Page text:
The complex chain of processes now set in action presents a series of major challenges for the local inhabitants of the region and its wider social, economic and cultural stakeholders. These concerns have both immediate consequences and future impacts which are yet to be realized and include:

1) The recent activity at Slip Stream threatens a sacred source of the precious nephrite jade, known as 'pounamu' and treasured by the Maori communities of New Zealand. The local caretakers of the site, or Kaitiaki, our project partners Te Runanga o Ngai Tahu, are anxious to understand the processes that are undermining Te Koroka, which due to its history of limited human occupation and unspoilt archaeology is unique within New Zealand.

2) The new lake formed upstream of Slip Stream has submerged approximately 3 km of an internationally renowned hiking trail, the Dart-Rees Track. While the track has temporarily re-routed, continuing instability poses serious questions over the continuing access to this popular trail which is a major source of tourist revenue for the nearby communities of Glenorchy, Kinloch and Queenstown.

3) The downstream reworking of the sediment pulse has the potential to raise riverbed levels on the Dart with a series of co-related impacts. These include: a reduced standard of protection associated with existing flood defences at Kinloch and Glenorchy; elevated risk of major avulsion that could threaten critical infrastructure (roads and bridges) and farmland; the potential for rapid progradation of the Dart River delta, that could impact seriously on the tourist-based township of Glenorchy, posing a major flood hazard and drowning the local wharf facilities.

4) Aggradation of the braided channel also has consequences for the activities of a major commercial jet boat business operating from both Queenstown and Glenorchy (Dart River Safaris - an internationally renowned tourist enterprise and major component of the regional economy) and other public users of the river.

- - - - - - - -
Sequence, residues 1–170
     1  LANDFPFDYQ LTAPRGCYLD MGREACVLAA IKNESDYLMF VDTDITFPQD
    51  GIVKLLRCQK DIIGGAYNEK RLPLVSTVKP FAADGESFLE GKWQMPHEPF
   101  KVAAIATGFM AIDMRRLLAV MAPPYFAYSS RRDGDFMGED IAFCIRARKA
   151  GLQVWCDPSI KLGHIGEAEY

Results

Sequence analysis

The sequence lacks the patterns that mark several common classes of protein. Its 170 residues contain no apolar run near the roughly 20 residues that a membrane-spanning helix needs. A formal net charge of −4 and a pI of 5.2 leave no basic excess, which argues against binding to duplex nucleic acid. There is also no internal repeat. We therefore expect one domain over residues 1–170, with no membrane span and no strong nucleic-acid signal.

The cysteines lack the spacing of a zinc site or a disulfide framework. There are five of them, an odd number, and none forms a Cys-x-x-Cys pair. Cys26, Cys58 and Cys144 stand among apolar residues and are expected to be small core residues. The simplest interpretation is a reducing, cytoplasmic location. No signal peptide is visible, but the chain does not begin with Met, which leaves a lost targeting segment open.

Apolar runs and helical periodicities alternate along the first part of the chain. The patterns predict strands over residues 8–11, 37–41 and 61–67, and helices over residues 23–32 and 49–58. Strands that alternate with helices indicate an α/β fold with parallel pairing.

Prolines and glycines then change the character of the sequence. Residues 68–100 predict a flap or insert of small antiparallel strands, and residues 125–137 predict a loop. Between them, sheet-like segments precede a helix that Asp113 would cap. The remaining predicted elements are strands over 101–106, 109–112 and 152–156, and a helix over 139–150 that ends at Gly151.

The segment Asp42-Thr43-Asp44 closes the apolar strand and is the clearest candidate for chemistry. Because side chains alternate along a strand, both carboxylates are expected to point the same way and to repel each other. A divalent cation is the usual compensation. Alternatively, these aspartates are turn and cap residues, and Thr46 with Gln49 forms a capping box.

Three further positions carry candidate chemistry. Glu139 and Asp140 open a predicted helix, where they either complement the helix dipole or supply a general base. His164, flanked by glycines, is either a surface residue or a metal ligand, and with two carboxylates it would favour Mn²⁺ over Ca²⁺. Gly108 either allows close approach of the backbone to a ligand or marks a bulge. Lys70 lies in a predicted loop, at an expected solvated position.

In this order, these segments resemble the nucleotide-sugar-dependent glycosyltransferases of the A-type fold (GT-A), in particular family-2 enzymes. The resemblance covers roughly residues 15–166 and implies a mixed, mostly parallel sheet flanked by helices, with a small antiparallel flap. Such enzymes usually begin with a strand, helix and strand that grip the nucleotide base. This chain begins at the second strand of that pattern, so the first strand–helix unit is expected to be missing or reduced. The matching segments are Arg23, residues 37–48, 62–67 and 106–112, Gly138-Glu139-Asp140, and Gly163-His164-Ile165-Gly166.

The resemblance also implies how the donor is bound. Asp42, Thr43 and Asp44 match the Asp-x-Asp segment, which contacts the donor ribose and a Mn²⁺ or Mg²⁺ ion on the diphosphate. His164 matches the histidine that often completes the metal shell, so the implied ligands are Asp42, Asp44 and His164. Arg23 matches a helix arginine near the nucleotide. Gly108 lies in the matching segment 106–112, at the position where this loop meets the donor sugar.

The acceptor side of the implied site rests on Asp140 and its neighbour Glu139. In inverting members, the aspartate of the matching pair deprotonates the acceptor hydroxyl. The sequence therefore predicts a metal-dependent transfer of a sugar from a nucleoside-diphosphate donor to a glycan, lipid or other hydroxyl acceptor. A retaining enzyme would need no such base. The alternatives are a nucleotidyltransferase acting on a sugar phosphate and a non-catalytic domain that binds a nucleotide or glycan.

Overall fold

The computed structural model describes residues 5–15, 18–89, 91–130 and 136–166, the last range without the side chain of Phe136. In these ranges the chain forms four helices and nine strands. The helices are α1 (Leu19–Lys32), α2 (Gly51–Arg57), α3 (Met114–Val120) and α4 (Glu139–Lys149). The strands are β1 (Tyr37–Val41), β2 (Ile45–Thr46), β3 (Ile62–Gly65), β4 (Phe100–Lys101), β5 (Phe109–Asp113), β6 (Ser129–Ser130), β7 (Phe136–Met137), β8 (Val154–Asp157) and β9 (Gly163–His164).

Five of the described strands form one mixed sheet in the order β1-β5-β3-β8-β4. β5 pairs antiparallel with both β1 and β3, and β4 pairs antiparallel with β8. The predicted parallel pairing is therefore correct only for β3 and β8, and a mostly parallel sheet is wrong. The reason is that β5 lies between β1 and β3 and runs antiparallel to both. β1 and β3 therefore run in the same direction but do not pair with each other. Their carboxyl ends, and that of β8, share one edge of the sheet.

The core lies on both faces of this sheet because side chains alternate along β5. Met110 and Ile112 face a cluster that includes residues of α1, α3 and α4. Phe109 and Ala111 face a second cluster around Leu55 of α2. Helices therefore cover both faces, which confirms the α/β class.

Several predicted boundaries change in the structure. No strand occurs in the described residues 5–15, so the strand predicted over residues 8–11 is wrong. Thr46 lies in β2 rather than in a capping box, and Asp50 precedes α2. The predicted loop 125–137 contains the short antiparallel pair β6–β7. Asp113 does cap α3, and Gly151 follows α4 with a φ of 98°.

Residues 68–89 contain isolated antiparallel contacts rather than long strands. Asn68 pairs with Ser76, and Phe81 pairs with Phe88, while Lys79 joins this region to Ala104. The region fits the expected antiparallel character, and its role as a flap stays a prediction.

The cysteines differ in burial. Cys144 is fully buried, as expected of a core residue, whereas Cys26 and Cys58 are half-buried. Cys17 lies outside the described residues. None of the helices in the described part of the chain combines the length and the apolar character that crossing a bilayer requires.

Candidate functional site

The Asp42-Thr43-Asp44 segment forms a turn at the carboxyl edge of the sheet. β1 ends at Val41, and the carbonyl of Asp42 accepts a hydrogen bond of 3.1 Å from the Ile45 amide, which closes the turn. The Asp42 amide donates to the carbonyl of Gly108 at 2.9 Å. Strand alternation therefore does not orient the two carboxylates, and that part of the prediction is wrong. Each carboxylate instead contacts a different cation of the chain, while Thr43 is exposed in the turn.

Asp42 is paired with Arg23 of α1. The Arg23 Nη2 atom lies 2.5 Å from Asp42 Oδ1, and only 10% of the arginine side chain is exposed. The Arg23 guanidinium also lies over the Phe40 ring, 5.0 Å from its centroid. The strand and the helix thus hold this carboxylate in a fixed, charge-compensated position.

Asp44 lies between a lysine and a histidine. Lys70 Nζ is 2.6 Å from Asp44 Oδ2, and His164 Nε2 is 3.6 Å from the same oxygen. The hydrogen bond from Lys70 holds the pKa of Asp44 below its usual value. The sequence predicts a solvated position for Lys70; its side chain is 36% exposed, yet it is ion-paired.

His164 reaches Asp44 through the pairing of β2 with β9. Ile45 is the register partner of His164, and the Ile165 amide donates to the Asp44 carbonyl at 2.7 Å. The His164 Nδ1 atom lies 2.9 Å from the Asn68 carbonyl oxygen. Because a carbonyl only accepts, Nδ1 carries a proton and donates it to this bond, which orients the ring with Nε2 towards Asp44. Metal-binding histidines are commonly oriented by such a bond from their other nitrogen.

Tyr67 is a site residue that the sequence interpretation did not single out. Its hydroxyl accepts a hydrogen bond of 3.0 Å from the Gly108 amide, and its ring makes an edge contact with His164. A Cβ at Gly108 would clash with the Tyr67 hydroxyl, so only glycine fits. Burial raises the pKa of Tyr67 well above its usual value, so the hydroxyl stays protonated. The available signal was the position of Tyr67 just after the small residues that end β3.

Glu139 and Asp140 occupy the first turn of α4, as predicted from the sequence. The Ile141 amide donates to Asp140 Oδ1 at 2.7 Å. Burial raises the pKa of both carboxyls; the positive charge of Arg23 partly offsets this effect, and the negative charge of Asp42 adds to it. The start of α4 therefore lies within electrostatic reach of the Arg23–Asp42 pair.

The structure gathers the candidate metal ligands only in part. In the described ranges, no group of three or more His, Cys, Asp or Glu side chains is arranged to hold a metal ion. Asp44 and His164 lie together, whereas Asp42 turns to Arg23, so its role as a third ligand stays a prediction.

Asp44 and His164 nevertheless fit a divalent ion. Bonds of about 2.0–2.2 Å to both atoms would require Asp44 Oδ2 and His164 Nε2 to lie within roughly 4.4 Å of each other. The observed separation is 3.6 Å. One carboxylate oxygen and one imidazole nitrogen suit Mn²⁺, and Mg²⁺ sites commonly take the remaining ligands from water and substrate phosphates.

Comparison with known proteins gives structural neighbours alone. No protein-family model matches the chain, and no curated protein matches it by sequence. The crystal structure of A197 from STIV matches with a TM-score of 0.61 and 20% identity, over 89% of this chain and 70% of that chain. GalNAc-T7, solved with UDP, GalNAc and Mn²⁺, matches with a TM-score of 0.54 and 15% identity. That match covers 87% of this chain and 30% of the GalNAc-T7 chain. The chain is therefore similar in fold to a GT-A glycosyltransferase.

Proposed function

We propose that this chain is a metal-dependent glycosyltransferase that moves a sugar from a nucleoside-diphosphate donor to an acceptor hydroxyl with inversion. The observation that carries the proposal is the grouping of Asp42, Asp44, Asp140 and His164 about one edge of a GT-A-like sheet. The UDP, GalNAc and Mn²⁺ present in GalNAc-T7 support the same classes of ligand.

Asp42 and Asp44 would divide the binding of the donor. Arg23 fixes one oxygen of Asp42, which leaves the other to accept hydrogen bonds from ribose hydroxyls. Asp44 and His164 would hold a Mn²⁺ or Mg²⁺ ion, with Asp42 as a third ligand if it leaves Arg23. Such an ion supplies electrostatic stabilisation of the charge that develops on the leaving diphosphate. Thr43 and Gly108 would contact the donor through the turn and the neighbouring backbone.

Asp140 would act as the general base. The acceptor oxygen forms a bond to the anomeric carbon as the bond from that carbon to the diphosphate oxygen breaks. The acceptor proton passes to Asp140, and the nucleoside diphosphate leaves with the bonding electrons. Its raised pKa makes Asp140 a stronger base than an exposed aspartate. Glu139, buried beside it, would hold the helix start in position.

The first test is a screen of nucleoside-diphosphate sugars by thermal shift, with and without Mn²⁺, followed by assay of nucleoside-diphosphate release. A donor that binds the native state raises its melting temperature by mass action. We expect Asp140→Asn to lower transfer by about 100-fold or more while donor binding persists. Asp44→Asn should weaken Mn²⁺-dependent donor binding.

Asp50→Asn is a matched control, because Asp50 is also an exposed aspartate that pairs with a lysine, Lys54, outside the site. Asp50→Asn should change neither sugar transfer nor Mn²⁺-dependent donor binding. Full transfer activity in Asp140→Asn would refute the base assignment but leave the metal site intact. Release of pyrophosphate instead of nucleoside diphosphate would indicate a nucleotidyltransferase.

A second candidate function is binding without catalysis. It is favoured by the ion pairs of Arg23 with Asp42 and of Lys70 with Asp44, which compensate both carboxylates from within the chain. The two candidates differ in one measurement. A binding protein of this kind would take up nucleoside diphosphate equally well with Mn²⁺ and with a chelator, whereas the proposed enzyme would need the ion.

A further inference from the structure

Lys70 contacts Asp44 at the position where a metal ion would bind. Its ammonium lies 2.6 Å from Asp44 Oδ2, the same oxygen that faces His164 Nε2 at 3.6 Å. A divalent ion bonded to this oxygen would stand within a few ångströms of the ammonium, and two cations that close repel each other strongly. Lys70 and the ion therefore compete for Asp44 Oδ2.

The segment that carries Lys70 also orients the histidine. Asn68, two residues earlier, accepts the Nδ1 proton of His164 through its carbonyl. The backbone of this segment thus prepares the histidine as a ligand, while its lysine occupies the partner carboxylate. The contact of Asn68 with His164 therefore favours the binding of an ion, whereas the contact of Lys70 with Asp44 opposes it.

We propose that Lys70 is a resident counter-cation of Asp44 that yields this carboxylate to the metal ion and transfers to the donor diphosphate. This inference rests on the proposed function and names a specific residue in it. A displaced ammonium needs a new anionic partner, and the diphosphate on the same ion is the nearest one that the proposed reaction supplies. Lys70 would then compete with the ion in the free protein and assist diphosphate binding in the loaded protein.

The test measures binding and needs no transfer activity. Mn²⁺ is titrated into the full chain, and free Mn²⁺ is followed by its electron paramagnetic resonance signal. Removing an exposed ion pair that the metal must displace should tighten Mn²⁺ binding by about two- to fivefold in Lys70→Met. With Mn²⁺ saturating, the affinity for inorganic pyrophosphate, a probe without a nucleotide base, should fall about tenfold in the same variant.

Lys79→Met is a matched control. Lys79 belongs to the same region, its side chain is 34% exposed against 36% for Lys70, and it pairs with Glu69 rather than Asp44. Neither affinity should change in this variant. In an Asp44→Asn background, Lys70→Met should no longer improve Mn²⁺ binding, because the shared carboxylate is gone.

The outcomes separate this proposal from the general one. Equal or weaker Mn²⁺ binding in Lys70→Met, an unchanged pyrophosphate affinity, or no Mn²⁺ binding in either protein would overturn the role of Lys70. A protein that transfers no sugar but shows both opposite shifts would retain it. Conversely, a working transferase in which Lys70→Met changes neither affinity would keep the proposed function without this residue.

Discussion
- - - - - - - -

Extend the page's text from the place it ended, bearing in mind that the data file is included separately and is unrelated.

5) Riverbed aggradation and increases in the flux of fine sediment may also have a profound impact on the quality and sustainable of the regional fisheries, directly in the Dart River, but also for the wider Lake Wakatipu. Fishing for the trout and salmon are a major draw to the region both nationally and internationally.

6) Finally, there is mounting concern (see the letter of support from PP GNS Science) that the increased availability of fine sediment on the exposed fan and bars of the Dart River, might contribute to major dust-storms the could cause respiratory problems for vulnerable inhabitants.

The importance of these impacts on the environment is exacerbated by the regional importance of tourism to the local economy of region, prized for its pristine mountain scenery. However, while these consequences are largely regional in scale, an improved understanding of the processes that link catastrophic sediment pulses to the dynamics of the receiving rivers, has broader implications for the management of alpine rivers worldwide, many of which occupy valley floors with considerable densities of population (e.g., European Alps). Advancing the science base to help understand and predict the consequences of such landslides into rivers is therefore urgently required to support strategic and emergency planning.
 
Description This project aims to quantify the impact of a large landslide into the Dart River, NZ, that occurred in January 2014. Hyper-resolution remote sensing, employing on a combination of helicopter-based Structure-from-Motion photogrammetry and terrestrial laser scanning, will be used to derive high quality terrain models of the landslide and the Dart River along a 30 km reach downstream. These terrain models will provide a first order estimate of the sediment budget of the coupled landslide-river system, as the material is reworked over the summer flood season, and also provide topographic data to parameterize numerical models of this sediment pulse. The first field campaign was undertaken in May/June 2014, and provided the first measurements of a new lake impounded by the landslide and generated unprecedented quality terrain models of the system. A second field campaign in 2015 will provide a snapshot to quantify how the landscape has evolved over 12 months.